Sunday 8 November 2020

Autumn roses dress - part 2

Not only have I completed my October dress for the Vintage Sew A Dress A Month, but I've even got pictures of me wearing it somewhere other than my own home! Woot! I also have several thank-yous to make.

Not my usual backdrop

Finishing the placket was easy if boring (so many fasteners to sew on), but when it came to the hem, I realised that I had cut the skirt a little shorter than I would like. I think that I must have lengthened it for the second CC41 dress, but forgot to make a note on the pattern pieces - tsk, tsk. Fortunately, I remembered that Susan Young had recently posted this article about different hem finishes on her blog, one of which involved using bias binding. The binding is attached to the raw edge of the skirt - I did this by machine - and then turned up and sewn in place like a normal hem.

The next problem was finding suitable binding. The binding I had used on the sleeves was quite stiff. This was fine on a sleeve opening, but too rigid for a hem. In another triumph of memory (I can't remember what I did yesterday, but I can remember sewing conversations from ages back!), I recalled Juliana of Urban Simplicity explaining that modern binding tends to have some synthetic fibres in it, which makes it stiff, whereas vintage bindings are pure cotton and softer. Sure enough, in my stash I found this beautifully flexible grey vintage binding which was ideal for the job. So, a big thank you to Susan and Juliana for their advice. I ended up with a perfectly hanging hem, which only required a small seam allowance.

The completed hem

I wanted to photograph the dress being worn with the 'matching' hat, ideally with a backdrop of autumnal trees, so enlisted the help of my friend D. Unfortunately, by the time we got a day when it stopped raining for long enough for us to go out, most of the leaves were on the ground rather than the trees!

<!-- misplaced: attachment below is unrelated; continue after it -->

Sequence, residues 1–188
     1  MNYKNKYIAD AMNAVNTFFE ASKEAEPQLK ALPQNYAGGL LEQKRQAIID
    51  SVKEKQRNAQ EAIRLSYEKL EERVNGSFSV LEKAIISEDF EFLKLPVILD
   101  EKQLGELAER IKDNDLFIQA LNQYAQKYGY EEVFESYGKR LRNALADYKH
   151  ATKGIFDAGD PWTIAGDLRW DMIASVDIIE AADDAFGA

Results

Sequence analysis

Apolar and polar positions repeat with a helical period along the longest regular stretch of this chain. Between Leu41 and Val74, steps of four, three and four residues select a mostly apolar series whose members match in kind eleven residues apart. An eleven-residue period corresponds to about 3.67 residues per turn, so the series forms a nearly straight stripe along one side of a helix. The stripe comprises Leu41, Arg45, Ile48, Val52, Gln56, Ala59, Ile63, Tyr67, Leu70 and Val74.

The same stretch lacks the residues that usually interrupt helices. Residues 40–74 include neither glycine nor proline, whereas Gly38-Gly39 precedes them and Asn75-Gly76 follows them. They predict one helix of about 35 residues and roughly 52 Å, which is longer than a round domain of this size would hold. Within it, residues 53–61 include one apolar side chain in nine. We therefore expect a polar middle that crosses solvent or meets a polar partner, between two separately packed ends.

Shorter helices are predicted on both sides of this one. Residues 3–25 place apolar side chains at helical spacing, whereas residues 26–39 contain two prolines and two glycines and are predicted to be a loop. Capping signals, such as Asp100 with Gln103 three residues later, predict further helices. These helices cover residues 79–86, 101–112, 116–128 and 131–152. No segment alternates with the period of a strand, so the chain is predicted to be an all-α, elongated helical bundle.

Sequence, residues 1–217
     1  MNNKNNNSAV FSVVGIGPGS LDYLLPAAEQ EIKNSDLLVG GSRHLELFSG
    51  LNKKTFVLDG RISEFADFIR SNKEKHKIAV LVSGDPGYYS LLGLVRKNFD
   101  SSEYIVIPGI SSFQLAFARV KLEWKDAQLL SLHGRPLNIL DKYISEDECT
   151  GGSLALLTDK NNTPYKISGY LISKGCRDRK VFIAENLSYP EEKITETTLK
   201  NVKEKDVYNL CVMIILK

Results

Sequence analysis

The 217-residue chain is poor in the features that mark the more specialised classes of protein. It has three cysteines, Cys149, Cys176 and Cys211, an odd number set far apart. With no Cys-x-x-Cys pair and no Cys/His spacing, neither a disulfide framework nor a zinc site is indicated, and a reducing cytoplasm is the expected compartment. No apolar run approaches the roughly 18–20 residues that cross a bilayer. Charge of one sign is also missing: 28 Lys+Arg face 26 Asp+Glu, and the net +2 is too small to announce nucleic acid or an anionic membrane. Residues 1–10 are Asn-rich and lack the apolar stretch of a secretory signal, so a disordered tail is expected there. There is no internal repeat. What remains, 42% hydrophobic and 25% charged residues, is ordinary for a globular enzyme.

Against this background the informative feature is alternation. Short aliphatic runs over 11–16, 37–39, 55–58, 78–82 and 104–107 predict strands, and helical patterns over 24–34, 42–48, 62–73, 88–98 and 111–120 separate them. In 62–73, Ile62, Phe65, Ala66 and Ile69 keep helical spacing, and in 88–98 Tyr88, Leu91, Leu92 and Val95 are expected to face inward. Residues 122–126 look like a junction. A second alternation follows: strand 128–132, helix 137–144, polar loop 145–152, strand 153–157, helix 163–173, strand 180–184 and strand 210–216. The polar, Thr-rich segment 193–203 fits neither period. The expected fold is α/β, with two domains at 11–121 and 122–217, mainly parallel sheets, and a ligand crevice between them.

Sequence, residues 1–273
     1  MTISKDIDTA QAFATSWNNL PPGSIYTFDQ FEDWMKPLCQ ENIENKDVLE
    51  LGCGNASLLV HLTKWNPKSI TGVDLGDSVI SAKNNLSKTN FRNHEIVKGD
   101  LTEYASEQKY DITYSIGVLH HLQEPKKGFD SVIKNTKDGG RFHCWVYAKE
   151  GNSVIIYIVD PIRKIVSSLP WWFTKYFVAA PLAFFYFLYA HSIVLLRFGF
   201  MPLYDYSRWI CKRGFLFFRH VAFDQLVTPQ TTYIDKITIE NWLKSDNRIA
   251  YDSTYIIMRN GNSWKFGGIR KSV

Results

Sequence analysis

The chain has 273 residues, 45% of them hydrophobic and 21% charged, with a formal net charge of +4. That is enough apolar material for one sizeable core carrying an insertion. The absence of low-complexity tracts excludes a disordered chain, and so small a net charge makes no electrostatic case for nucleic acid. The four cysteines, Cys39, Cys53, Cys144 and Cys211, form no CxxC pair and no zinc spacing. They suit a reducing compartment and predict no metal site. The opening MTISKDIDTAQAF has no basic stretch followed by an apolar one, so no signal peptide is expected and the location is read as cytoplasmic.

With autumn leaves, just not on the trees

We went out quite early, and while the autumn colour might not have been quite as I wanted, we did get some misty autumn light on the canal.

Misty morning shot

Despite the use of two hatpins and multiple hairpins, the 'tilt' hat tilted rather more than I had intended - but this did produce some good pictures of the flowers.

Hat close-up

I must admit, I was quite nervous about enlisting photography help. I typically take a lot of photographs in order to get the handful which appear on this blog, and I was worried that D would get bored. Happily for me, however, he threw himself into it - suggesting backdrops and poses and never once hinting that surely I must have enough pictures by now. I put a lot of work into this ensemble, and really wanted better pictures of it than my usual back yard shots, so a huge thank you goes to him for his input. (He may come to regret this enthusiasm, when he finds himself called upon to photograph future projects!)

This was my favourite photo of the day

I bought this patterned crepe ages ago with the intention of making a 1940s dress from it, and finally doing so made another dent in the stash.

30 metres in credit!

The fabric was also one of my #UseNine2020 choices and realistically, it’s going to be the last one I use this year. The remaining four are very much spring/summer fabrics. My November dress is going to be another stash make, but in a winter-weight cotton - hopefully this time I will complete it in the month.

At least I used more than half of my fabrics


  1. Wonderful photos! Great make too (and the hat, wow!!) It is always fun to get great photos of a beloved project.

    1. Thany you Juliana, and thanks again for the bias binding tip.